District 211 Uses Impact Software to Increase Concussion Awareness
Byline: Courtesy of D211 Post
District 211 staff have worked hard to create awareness about head injuries for all student athletes involved in contact sports. Injuries in contact sports, which include football, cheerleading and soccer, to name a few, are heavily monitored by coaches, athletes and parents.
Throughout the past few years, Impact software has been used to keep track of an individual athlete's brain activity for head injuries, specifically concussions. This technological assessment has allowed athletic trainers and coaches to more effectively judge whether or not an athlete is injured and when they can return to competition.
"The start of the process is at the beginning of the season, when parents and student-athletes sign paperwork that is required by the state saying concussions are a danger in any type of sport or activity," said John Shoro, head athletic trainer at Conant High School.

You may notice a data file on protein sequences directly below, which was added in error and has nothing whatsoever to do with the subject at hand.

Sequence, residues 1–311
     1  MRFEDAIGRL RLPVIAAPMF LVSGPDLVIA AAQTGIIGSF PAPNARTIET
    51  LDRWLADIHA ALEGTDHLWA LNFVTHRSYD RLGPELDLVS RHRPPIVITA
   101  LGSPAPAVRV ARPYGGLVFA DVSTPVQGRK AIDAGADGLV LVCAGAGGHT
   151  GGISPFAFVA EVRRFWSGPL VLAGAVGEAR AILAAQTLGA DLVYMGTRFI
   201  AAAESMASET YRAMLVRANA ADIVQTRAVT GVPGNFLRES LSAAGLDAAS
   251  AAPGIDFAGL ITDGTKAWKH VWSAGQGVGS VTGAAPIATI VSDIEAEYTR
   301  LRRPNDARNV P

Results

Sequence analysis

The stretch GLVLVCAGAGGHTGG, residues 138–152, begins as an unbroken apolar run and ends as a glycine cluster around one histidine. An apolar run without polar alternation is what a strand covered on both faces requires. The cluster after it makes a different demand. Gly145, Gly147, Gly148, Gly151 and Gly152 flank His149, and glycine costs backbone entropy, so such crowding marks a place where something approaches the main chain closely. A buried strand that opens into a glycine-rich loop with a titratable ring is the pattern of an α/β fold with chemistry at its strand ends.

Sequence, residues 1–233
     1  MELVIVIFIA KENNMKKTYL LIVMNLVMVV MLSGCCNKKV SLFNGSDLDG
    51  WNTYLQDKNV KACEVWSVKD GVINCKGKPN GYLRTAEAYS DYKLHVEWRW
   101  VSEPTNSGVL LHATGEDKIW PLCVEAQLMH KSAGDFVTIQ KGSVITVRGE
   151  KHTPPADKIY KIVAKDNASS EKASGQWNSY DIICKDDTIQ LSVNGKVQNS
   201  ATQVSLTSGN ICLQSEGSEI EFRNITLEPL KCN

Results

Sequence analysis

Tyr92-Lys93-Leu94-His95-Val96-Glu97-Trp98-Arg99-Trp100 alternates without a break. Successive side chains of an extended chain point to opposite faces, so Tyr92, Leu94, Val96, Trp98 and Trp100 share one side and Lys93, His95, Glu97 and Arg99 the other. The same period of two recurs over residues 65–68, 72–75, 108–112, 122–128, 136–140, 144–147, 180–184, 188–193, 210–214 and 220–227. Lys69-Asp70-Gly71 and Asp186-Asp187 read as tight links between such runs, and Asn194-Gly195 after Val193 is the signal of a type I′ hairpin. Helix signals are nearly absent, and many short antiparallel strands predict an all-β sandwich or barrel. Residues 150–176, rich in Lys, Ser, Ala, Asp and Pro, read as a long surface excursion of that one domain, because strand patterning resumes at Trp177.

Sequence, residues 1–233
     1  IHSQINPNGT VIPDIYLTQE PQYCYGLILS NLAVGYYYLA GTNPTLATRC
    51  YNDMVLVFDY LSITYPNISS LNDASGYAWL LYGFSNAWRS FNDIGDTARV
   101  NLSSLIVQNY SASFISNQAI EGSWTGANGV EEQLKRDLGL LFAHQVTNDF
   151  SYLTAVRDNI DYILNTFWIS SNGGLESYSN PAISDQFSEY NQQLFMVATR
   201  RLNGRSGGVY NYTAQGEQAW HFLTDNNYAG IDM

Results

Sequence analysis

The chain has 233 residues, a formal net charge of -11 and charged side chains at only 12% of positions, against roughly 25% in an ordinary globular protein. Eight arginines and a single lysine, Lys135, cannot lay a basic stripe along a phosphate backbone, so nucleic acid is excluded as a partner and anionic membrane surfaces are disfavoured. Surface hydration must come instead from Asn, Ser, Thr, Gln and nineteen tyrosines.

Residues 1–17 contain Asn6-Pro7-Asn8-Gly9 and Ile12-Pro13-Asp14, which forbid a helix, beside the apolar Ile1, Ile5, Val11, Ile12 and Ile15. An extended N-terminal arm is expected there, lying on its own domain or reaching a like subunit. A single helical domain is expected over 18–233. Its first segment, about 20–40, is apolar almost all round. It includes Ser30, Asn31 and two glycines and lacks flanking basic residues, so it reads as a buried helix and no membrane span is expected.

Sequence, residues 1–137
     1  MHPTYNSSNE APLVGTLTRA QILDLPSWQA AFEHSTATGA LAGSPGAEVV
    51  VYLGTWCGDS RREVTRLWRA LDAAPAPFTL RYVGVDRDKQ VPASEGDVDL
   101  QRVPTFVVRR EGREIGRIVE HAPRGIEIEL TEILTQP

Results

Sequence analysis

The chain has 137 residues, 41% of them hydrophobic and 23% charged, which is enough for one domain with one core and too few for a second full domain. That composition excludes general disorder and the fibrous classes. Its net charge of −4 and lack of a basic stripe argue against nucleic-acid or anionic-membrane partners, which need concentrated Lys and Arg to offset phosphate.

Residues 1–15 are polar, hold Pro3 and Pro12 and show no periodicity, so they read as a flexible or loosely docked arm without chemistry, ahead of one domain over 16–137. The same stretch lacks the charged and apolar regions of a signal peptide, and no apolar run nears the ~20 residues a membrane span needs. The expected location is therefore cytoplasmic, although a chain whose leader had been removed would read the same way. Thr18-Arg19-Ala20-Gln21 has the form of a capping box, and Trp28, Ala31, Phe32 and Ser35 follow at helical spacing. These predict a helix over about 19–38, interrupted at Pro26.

"Then we do a baseline test of what is considered relatively normal in terms of brain function using Impact software. Once we have that baseline, which is good for two years, we will do another test if a student-athlete is suspected of having a concussion to see if he or she is showing any deficient in brain function and the extent."
The software monitors brain activity and response time during a test. The results on this assessment show how the individual's brain functions when they are not injured. If a student-athlete is suspected of an injury, or want to return from a concussion, they will have to complete the test again within 72 hours of the impact.
A student-athlete will only be able to return if brain activity matches previous baseline data in conjunction with the Illinois High School Association (IHSA) guidelines, or after five days with no symptoms. …